‘Emily in Paris’ provokes outrage and graffiti in the series’ locations

The series ‘Emily in Paris’ has become a streaming phenomenon, winning fans around the world since its launch in 2020.

However, the success of the Netflix production appears to have generated a wave of revolt among the French, who expressed their dissatisfaction through graffiti on the series’ locations in the French capital.

Parisians in revolt

According to information from the Paris Secret website, residents near the locations used to film ‘Emily in Paris’ are bothered by what they call ‘exaggerated tourism’ caused by the popularity of the series.

The graffiti, which includes messages such as “Emily, go away”, “Emily is not welcome” and “Emily sucks”, are a reflection of local discontent.

The Daily Mail reports that locals have dubbed the movement of fans visiting Paris for the series “L’invasion des imbéciles” (The Invasion of Idiots), highlighting growing frustration with the presence of tourists in areas affected by the filming.

Even the fictional building where the main character lives in the series did not escape graffiti.

Phrases spray-painted around the locations say: “Emily is not welcome” – Image: Daily Mail/Reproduction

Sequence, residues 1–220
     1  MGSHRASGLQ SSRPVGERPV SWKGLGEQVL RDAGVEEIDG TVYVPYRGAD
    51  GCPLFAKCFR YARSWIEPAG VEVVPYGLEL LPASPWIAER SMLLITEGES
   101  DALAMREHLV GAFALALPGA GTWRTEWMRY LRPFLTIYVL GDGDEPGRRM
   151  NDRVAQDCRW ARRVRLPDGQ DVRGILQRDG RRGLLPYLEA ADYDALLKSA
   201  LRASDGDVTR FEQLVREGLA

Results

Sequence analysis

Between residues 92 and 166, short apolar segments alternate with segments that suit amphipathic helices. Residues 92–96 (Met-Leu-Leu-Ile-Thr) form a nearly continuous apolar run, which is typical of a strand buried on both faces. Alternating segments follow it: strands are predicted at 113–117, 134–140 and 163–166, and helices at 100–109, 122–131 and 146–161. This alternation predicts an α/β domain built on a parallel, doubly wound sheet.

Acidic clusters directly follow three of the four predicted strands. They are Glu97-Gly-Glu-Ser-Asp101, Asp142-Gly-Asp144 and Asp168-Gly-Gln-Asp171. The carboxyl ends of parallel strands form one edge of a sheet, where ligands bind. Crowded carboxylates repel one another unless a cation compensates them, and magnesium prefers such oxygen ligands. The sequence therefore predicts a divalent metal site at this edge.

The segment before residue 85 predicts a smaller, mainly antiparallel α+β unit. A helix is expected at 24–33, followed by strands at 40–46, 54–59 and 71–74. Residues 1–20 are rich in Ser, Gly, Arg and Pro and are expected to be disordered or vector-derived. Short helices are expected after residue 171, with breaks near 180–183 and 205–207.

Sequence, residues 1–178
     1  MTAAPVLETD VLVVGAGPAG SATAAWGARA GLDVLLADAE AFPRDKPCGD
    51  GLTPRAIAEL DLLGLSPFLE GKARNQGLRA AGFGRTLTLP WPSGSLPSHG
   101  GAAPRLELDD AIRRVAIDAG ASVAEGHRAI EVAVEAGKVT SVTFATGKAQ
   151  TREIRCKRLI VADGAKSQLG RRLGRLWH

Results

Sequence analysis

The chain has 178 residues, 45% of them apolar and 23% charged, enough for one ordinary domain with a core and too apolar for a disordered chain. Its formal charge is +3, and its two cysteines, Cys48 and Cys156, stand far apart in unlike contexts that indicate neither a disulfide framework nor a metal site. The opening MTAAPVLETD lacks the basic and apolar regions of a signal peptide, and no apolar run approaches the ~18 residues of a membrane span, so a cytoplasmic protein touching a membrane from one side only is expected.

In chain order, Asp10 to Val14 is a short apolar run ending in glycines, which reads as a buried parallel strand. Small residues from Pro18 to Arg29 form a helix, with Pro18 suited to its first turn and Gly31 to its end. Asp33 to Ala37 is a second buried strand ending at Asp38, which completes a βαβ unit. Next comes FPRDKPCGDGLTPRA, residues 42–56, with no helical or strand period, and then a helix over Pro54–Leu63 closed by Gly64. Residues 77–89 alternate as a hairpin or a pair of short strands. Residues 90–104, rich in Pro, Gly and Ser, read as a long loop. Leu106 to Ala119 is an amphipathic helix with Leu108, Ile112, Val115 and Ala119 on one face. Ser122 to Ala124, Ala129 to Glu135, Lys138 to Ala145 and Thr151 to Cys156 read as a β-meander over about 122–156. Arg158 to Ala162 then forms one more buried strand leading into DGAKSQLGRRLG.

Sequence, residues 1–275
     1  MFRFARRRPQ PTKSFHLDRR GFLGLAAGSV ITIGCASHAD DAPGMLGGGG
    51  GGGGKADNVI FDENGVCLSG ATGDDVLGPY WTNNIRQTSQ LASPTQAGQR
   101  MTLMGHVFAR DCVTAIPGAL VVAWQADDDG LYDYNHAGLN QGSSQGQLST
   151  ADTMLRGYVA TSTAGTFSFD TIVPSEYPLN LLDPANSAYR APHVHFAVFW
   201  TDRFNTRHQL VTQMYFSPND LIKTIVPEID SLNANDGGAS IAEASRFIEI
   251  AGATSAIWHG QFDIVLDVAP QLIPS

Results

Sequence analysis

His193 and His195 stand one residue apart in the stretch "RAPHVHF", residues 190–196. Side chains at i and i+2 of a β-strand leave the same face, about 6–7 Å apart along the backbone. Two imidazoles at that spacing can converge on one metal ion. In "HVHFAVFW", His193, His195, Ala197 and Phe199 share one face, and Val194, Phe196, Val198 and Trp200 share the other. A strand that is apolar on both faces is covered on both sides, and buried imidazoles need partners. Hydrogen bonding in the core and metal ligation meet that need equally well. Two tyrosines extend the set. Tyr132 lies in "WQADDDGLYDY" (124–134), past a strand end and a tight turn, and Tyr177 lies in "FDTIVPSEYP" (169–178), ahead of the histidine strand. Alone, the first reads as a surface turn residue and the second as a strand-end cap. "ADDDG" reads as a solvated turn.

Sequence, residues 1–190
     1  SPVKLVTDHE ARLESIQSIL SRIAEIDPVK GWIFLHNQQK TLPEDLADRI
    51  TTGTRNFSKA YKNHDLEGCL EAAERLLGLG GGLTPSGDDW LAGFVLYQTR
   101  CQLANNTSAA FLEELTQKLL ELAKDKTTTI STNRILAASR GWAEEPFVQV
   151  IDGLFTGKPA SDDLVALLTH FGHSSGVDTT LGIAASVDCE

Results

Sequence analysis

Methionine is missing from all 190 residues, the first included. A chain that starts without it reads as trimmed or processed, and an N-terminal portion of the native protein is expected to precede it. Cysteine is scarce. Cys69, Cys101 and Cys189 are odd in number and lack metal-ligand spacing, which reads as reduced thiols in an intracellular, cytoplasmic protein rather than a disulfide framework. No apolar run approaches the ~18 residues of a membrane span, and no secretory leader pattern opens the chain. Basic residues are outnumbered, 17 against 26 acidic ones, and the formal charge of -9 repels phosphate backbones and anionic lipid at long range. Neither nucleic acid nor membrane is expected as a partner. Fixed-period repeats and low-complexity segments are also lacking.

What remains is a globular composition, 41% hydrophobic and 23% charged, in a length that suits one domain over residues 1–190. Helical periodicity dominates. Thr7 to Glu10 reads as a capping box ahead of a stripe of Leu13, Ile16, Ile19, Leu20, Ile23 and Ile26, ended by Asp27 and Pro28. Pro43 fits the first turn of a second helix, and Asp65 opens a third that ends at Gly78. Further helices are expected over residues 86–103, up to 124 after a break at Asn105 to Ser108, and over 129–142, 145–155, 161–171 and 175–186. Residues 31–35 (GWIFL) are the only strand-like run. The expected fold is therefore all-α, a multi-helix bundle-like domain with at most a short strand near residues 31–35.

The central reason for the conflict seems to be the ‘romanticization of the capital’ portrayed in the series, something that the French criticize as a “Paris Syndrome”.

The expression refers to the idea that tourists, influenced by idealized representations in books, films and series, arrive at city with unrealistic expectations, leading to possible ‘culture clashes’ when reality does not match their fantasies.

In the plot of ‘Emily in Paris’, the protagonist, played by Lily Collins, is an American publicist who moves to the city for a job opportunity, dealing with the challenges of managing her career, friendships and romances in a totally new.

The locations that suffered graffiti have become tourist attractions since the series’ release, with visitors posing outside establishments such as the restaurant ‘Les Deux Comperes’, which is actually called ‘Terra Nera’.

Hostile messages such as “the south of Paris is not yours” indicate the intensity of local discontent.

Despite the controversy, both the production of ‘Emily in Paris’ and the Netflix have not yet commented on the matter. Filming for the fourth season continues in Paris, without a premiere date.

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The success of the work seems to have generated not only admirers, but also local critics dissatisfied with the consequences of ‘fiction tourism’ in their daily lives.

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